Many have heard of a Yule Log, as it’s known here in the United States, even if not knowing exactly what it is. A French dessert popular around Christmas time, buche de noel is a log-shaped treat made of chocolate ganache with a chocolate cake in the center, rolled around a whipped cream icing. It dates back to the Iron Age in Europe when people would gather to celebrate the winter solstice in December. To cleanse the air of the previous year, families would burn logs decorated with pinecones, holly, or ivy, and the ashes were then preserved to ward off evil and protect homes. The Yule Log tradition continued through the 1600s, and in the 19th century Parisian bakers popularized the dessert, thus becoming a classic French tradition.


It wouldn’t be the holiday season in England without mince pies. This iconic pastry enjoyed as dessert has significantly evolved from its medieval origins, which contained beef. Today, they are sweet and filled with dried fruits and spices called “mincemeat.” They are so popular the UK sells over 300 million each year.


While there are different versions of the events that inspired the eight-day Jewish celebration of Hanukkah, the traditions are widely similar, revolving around the lighting of a nine-branch menorah. The fried foods eaten during the holiday are a symbol of the oil used to light the menorah. Jelly donuts known as sufganiyot in Hebrew, and latkes are particularly popular. Latkes are made of grated potatoes mixed with flour and shortening, and are fried crisp in olive oil. In the 1920s the Israeli Labor Federation declared jelly donuts the official food of Hanukkah and are also made with different fillings like cream or chocolate ganache.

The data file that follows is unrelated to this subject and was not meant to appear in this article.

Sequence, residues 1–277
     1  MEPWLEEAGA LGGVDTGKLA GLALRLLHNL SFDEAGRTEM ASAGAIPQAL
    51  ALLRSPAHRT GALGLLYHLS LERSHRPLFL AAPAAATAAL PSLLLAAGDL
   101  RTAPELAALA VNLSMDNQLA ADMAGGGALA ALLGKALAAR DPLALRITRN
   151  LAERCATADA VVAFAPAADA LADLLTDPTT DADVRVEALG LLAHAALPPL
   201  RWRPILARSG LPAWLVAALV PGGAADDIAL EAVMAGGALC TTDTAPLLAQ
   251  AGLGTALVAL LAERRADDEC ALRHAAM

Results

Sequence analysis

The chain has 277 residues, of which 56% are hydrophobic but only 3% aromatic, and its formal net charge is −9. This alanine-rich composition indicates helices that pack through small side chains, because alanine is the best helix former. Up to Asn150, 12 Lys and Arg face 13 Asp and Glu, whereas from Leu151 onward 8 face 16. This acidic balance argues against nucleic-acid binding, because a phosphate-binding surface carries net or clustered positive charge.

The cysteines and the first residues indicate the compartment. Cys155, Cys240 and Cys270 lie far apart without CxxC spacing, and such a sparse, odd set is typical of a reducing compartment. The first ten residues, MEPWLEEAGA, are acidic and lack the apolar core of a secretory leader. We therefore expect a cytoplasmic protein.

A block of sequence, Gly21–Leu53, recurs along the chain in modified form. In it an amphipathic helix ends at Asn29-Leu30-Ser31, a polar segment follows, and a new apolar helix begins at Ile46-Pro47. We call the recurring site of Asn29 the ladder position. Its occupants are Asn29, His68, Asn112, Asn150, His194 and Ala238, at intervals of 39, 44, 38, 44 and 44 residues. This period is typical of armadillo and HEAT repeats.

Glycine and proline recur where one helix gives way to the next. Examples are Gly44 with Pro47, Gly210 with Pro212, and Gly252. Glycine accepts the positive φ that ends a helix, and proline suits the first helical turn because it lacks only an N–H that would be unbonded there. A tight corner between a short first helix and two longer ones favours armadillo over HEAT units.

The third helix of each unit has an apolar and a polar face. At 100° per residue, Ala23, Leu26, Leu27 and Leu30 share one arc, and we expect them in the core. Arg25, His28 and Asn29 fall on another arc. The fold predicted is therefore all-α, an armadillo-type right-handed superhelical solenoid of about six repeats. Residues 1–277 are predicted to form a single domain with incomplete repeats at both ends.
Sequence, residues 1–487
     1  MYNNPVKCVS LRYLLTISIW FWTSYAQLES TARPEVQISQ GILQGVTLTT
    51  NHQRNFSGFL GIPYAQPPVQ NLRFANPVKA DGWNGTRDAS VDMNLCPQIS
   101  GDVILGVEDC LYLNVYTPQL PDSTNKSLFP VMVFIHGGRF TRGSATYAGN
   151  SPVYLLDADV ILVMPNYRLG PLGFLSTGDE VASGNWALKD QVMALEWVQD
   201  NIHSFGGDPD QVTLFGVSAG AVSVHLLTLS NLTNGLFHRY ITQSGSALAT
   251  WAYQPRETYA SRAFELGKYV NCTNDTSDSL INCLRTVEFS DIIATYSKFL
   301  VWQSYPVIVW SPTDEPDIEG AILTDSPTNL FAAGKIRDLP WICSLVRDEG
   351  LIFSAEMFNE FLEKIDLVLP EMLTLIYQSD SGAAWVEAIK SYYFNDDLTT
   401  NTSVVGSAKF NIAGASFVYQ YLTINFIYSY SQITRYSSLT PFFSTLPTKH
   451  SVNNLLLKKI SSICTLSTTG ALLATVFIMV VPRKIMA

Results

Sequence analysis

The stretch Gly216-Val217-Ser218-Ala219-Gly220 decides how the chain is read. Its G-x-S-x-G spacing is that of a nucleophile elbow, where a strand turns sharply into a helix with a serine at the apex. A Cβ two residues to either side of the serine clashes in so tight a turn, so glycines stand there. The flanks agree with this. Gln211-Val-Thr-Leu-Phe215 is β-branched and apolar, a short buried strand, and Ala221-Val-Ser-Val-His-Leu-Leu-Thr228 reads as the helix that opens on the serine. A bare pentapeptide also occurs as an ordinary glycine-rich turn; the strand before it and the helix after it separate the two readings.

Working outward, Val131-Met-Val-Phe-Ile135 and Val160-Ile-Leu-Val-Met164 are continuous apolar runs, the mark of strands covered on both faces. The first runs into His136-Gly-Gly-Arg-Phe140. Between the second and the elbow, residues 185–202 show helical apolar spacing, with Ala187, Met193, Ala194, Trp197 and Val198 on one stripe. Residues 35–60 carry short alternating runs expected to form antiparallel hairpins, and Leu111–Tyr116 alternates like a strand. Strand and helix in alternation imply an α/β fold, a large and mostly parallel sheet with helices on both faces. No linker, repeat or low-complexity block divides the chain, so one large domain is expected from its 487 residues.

In Ethiopia, doro wat is one of the most popular dishes served on holidays year-round and is widely known as the country’s national dish. It is a spicy chicken stew that typically includes whole, hard boiled eggs and is packed with flavor. It is served with injera — another staple Ethiopian dish. Injera is a sourdough risen flatbread with a spongy texture, and is used to dip into the doro wat. Both are served during Christmas Time, as well as Easter and other holidays.